Haggerty: Bruins turn page after letting big chance slip away

Haggerty: Bruins turn page after letting big chance slip away

BRIGHTON, Mass. - It’s really too bad the Bruins couldn’t finish their two-game trip on a massive high note with a statement win over the Predators.

They would have been only the fourth team in 14 tries to get the better of the Predators on their home ice and would have effectively slowed down a red-hot reigning Western Conference champ that’s won 13 of 16. The Preds have been something close to unbeatable since getting Kyle Turris in the three-team deal at the beginning of November. The Bruins got an up-close examination why in their 5-3 loss at Bridgestone Arena on Monday night.


In that way, it was a missed opportunity to take a massive step forward in the perceptions around the league on this season's Bruins and it was also a missed opportunity based on the self-inflicted wounds from mistakes made by Torey Krug, Anton Khudobin, Charlie McAvoy, Zdeno Chara and others.

That’s where the frustration comes in for a Bruins team that had won six of seven coming in and battled all the way back to make it a one-goal game in the third period before again shooting themselves in the foot with a Fillip Forsberg breakaway.

“We did a good job of pushing back and making it a game. We had some really good chances, but we’re at a point where we just need the results,” said Brad Marchand. “Regardless of the score, I thought we played better than they did. We just gave up a few chances that they capitalized on.”

Still, the Bruins deserve some credit for the way they’ve played against the big boys around the league this season. The Black and Gold memorably took down the Predators on opening night and ripped off a stretch to end November where they notched wins against the LA Kings, San Jose Sharks, New Jersey Devils, Pittsburgh Penguins and Tampa Bay Lightning. All quality teams that are currently in a playoff position as the Bruins sit just outside the top-eight teams in the Eastern Conference with games in hand.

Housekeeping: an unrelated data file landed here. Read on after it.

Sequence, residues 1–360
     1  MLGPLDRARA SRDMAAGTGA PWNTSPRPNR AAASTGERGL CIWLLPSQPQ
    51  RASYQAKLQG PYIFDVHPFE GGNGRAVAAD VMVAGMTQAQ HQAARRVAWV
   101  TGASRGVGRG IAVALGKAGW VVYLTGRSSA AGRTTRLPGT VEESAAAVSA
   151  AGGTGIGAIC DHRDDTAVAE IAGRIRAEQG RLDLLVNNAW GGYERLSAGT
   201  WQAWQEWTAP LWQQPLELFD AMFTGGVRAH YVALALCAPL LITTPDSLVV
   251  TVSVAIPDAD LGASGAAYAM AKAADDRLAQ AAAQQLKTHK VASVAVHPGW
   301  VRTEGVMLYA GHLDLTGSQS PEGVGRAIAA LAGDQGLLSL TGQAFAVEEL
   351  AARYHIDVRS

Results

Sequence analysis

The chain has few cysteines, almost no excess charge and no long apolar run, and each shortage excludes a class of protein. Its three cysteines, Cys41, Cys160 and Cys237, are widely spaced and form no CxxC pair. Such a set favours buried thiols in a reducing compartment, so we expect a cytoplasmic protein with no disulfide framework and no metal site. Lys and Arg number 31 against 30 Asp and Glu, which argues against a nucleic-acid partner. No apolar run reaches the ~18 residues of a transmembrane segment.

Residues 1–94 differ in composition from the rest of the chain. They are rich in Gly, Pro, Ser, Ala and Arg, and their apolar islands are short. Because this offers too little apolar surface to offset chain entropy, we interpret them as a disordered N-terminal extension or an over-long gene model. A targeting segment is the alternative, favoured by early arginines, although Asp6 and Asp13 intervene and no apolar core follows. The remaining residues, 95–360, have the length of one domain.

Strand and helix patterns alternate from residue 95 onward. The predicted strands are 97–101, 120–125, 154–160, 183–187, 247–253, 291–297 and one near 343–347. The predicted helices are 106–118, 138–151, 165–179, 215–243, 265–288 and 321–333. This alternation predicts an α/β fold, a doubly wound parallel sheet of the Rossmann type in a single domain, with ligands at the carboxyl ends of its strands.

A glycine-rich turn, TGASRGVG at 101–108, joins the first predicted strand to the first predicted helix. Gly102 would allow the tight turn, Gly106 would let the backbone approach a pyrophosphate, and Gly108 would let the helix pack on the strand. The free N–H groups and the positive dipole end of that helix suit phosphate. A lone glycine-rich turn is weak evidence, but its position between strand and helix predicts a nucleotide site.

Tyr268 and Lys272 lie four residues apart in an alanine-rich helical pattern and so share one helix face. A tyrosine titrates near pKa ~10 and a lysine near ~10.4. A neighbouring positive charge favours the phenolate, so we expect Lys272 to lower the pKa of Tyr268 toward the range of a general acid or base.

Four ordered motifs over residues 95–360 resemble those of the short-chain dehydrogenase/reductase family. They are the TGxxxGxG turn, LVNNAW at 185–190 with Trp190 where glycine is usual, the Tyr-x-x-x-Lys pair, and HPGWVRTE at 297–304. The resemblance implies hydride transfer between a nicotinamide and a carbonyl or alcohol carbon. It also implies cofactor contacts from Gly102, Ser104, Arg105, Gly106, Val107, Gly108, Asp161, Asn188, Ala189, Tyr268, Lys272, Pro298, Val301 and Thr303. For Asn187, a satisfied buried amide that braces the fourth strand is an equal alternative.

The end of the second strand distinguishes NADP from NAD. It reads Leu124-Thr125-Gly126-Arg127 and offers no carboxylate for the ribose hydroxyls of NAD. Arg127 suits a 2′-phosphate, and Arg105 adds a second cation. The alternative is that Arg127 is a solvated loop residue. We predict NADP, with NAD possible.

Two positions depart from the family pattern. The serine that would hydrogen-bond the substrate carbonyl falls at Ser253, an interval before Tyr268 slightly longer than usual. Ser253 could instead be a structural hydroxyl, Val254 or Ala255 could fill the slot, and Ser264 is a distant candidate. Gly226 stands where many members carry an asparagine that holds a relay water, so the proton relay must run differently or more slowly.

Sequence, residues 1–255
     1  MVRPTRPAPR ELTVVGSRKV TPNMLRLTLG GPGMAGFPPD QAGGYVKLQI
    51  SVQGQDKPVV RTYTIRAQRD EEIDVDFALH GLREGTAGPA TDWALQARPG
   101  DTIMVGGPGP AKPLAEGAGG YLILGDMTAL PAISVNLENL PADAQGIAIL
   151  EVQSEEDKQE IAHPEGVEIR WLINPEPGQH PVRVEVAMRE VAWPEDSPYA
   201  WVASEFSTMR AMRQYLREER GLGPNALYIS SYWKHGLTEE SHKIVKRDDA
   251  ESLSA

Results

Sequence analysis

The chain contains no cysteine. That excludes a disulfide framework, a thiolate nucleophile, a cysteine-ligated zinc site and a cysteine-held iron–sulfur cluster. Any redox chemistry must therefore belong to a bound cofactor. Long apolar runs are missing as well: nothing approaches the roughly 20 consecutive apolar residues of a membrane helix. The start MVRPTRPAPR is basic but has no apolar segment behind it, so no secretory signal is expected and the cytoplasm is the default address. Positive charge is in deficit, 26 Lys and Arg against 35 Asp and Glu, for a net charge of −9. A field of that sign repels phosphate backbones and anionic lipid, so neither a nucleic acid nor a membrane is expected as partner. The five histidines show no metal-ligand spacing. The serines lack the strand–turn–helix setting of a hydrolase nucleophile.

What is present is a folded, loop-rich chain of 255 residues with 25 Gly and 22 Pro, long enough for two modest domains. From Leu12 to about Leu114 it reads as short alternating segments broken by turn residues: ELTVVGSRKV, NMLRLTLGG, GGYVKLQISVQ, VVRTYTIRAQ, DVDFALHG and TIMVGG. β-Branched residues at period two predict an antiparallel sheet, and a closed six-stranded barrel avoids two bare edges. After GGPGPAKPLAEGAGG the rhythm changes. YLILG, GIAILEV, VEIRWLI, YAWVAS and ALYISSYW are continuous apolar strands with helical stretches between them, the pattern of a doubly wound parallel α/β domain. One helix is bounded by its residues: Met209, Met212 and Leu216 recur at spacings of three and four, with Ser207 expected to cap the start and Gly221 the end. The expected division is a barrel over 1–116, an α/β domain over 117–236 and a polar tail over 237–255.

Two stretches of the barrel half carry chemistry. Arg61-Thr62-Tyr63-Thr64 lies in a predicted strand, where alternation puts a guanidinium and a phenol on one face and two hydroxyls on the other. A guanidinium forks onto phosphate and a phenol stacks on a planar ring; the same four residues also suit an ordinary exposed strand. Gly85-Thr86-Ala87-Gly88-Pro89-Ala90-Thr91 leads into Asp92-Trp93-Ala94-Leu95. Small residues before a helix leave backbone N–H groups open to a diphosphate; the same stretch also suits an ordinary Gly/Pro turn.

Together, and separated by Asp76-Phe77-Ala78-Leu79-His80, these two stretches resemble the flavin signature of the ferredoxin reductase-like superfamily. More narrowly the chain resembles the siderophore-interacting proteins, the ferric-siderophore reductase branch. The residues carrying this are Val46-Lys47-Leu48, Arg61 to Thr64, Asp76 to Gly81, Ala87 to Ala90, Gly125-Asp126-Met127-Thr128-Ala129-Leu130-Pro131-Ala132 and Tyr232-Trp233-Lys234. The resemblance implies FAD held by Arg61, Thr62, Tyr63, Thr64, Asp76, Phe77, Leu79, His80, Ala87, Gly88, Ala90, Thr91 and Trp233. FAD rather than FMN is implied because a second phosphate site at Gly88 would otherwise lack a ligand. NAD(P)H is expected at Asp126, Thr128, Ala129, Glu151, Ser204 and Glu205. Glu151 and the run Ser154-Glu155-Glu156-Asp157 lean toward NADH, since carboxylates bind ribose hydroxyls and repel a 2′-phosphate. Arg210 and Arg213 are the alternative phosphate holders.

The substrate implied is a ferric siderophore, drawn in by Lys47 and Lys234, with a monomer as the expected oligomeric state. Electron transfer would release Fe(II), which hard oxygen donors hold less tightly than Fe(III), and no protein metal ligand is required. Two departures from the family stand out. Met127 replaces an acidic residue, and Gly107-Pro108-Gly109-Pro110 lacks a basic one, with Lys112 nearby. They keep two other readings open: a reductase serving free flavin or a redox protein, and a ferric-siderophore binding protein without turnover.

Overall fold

It’s a good reflection on the Bruins that they’re playing the NHL’s best teams so toughly this season, and even when they lose, they are serving notice that they aren’t going to be an easy out.

“It seems to scare us into playing the right way when we see the firepower and ability of the players we’re playing against, especially when [it’s a team] that went deep last year or is highly-touted at the moment,” said David Backes. “It causes us to value all of the puck possessions and not give away anything while making them earn it all. When we do that our goalies are seeing all the pucks and the chances against them are a little lower quality. It kind of clues everybody in and gives us the extra motivation to prove that we are a good team. We’re moving [healthy] bodies back in here it seems like every day, and things are going pretty well.”

All that being said the Bruins are at a point where it shouldn’t come as much of a surprise if they’re beating the best teams in the league. They were a playoff team last season and the B’s are shaping up to again be a group that looks playoff-worthy again with key core members David Pastrnak, Charlie McAvoy, Patrice Bergeron and Brad Marchand again leading the way with dominant seasons.

They are as close to full health as they’ve been all season and now will be the time for the Black and Gold to start seizing opportunities like the one that slipped through their fingers in Music City.

It’s also about the Bruins beating the lesser teams with the same focus, effort and emotion that they’re bringing against the league’s best. The Bruins have also lost to some of the league’s worst teams: once each to the Oilers and Sabres and a couple of awful back-to-back losses to the Avs now back in their last place residence in the Central Division.   

“We’ve got Stanley Cup champions in there, so they do elevate their game [against big challenges],” said Bruce Cassidy. “That’s a good thing. But you don’t want to shrink down your game [if it’s an opponent] that you don’t have as much respect for. You’ve got to guard against that and play to your standard in every game.”

Guarding against playing down to their competition will be an immediate test with the Arizona Coyotes rolling into town on Thursday night with the second-fewest points (19) in the NHL. So, it’s time for the B’s to turn the page on the missed opportunities and focus on taking care of business against one of the very beatable weak sisters.  

B's make a big statement to Tampa, rest of the NHL with gutsy win

AP Photo

B's make a big statement to Tampa, rest of the NHL with gutsy win